It has been a month since India witnessed a decisive mandate in favour of the BJP. Of the post facto commentary, the most revealing has been the one by the “liberals”. It reveals the larger and more serious ailment that afflicts us all — seeking easy answers to complex questions.
From the messenger to the message, the liberal commentary has attacked everything about the Congress. Their reasons would have been easy to believe, had this been a marginal defeat. Blaming the rout on one individual or any one aspect of the campaign comes easy and it also helps avoid tough questions that face what is loosely labelled as the liberal worldview.
Do we have empirical evidence on exactly which aspects of our message got rejected? Can we safely, confidently say that our entire message got rejected? If we were told that through this mandate, India has rejected the need for jobs, for hassle-free business or the need for safety of women, would we agree? Are we confident that the voters of Bhopal voted against Hemant Karkare and voted for Nathuram Godse? Is India homogeneous in its voting behaviour?
On the one hand, our liberal friends expect the Congress to be their national political voice, on the other hand they do everything to weaken the party. They want the Congress to “show a large heart” and cede space to regional parties — reducing the party to be neither national, nor political and definitely not a voice. When we look for their support, we definitely do not expect the liberal-intellectual space to be full of doting, unquestioning imbeciles. We do not wish to have replicas of bhakts on our side. Question us, but also strengthen the liberal-plural voice by thinking of effective ways to question and demolish the ideology that now looks comfortably ensconced in every institutional nook and corner of India.
You were out there on the streets and in the TV studios against UPA 2, and why not? Have you shown the same grit to bring this government to its knees every time it showed signs of betraying the mandate? Where was the push back when you were lampooned as the “award-waapsi gang”? This is not a skirmish where you can hit and run. This is a war of civilisation and we are a generation lucky to be participating in it.
Talk to a Narendra Modi bhakt. She will forgive him everything, overlook all his faults and chinks, so much so that you will find experts actually defending his bizarre cloud-radar theory. But a liberal will not be so tolerant. A liberal will be the first to attack the party for an extra word said by Rahul Gandhi, or a tweet by him or a slip up by a leader. A well known ambassador of liberal discourse advises us not to celebrate Rahul Gandhi’s birthday because according to him, those who fail their exams do not deserve to even have their birthdays. Another comes on television and first calls us a party obsessed with dynasty and then starts attacking Rahul for his decision to quit. Those who want Rahul to quit also want Rahul to decide his successor and then will also want to complain about Rahul controlling the party through a proxy.
Ideas that capture the collective imagination of a people do not necessarily come from the political space, they come from the intellectual space. Politics, through its idiom, helps in pedestrianising these ideas. What has been the contribution of the liberal-intellectual space in terms of a potent idea in this century? The counter argument to plural India has always had a voice. And it was always shrill. That voice now appears to have acquired legitimacy through electoral muscle. It can only be defeated by a more captivating idea and a sharper if not shriller voice.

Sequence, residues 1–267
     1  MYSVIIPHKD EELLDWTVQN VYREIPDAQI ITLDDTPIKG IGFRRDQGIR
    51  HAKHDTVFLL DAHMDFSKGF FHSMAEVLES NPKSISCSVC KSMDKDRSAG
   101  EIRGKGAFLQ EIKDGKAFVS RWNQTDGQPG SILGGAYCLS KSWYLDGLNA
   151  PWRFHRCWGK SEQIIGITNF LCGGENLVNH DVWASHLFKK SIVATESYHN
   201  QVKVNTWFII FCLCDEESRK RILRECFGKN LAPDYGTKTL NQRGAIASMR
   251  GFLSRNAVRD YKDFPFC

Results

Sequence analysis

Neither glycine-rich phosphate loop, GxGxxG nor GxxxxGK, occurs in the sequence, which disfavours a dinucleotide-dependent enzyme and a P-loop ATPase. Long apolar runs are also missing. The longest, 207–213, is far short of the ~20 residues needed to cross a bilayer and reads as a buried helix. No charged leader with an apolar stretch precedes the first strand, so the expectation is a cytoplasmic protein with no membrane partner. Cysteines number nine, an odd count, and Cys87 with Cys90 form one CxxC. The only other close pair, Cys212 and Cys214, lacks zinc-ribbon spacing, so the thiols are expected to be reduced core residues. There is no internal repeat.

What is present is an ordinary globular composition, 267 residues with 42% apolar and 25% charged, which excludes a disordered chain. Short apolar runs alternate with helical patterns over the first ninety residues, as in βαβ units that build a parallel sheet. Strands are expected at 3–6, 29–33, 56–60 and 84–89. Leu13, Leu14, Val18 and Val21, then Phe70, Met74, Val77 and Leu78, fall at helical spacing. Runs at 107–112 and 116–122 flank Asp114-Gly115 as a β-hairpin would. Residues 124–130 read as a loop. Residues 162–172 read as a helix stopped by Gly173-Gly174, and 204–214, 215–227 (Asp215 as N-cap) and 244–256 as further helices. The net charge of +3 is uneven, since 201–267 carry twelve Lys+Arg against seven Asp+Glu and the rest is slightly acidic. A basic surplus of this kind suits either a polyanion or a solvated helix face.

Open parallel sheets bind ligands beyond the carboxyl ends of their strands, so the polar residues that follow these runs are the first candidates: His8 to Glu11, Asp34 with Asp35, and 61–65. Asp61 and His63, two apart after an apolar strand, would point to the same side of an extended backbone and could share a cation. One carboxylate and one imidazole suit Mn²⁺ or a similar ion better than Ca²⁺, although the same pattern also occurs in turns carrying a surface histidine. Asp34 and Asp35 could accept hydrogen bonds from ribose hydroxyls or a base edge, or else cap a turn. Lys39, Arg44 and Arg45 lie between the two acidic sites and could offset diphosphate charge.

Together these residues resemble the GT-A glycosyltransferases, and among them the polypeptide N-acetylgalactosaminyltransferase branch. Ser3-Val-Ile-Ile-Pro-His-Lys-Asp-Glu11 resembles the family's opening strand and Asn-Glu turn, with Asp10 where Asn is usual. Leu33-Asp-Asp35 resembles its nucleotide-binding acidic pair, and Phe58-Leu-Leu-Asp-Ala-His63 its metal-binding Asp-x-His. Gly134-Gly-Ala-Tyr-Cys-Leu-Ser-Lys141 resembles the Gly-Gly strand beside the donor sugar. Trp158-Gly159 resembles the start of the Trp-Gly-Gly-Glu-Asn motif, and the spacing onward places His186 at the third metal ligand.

The concept of secularism, for example, has been under systematic and sustained attack since L K Advani coined the term “pseudo secularism”. Secularism was never a political construct. It was a worldview in consonance with Hinduism and India. Liberals must either help us reclaim the founding idea of the Republic or help us reinvent it or throw in a new theory which captures the minds of the millennial. Or would you just be happy to counter what is happening out there on the street through a tweet?
Much of what is going on in India and the Congress party is similar to what is going on in the Democratic Party in the US. There is the Nancy Pelosi end of the Democratic Party that is centrist, conciliatory and is not as fiercely anti-corporate as Alexandria Ocasio-Cortez and Ilhan Abdullahi Omar are. Is this a generational shift in the party or is this a Leftward turn in the party as a reaction to Trump and the Republican Party on the extreme right?
The Congress has traditionally been a harbour for all economic and political ideologies — much like India — without being defined by any one. Over time, critics have viewed it as being ideology-less, they say the Congress does not offer any one strong narrative. But that is precisely its strength. The Congress can, to quote Walt Whitman, contain multitudes. Just like India can. It just needs to learn how to articulate this for the 21st century voter.
This defeat is not of a party, an individual, a campaign, an assessment or an ideology. The result of Lok Sabha 2019 puts a huge question mark on the very existence of what we largely believe India, with all its diversity, stands for. The onus to find answers to the question is not just on a political party but on each one of us from under the debris of lethargic liberal snobbery.
Postscript : This is not a critique of the liberal class. In the words of Ahmed Faraz, tuu khuda hai, na mera ishq farishton jaisa/ dono insaan hain/ toh kyun itne hijaabon mein milein. (You are not God, and my love isn’t angelic/ We are both human/So why meet hidden behind the veil?)
The writer is a national spokesperson for the Congress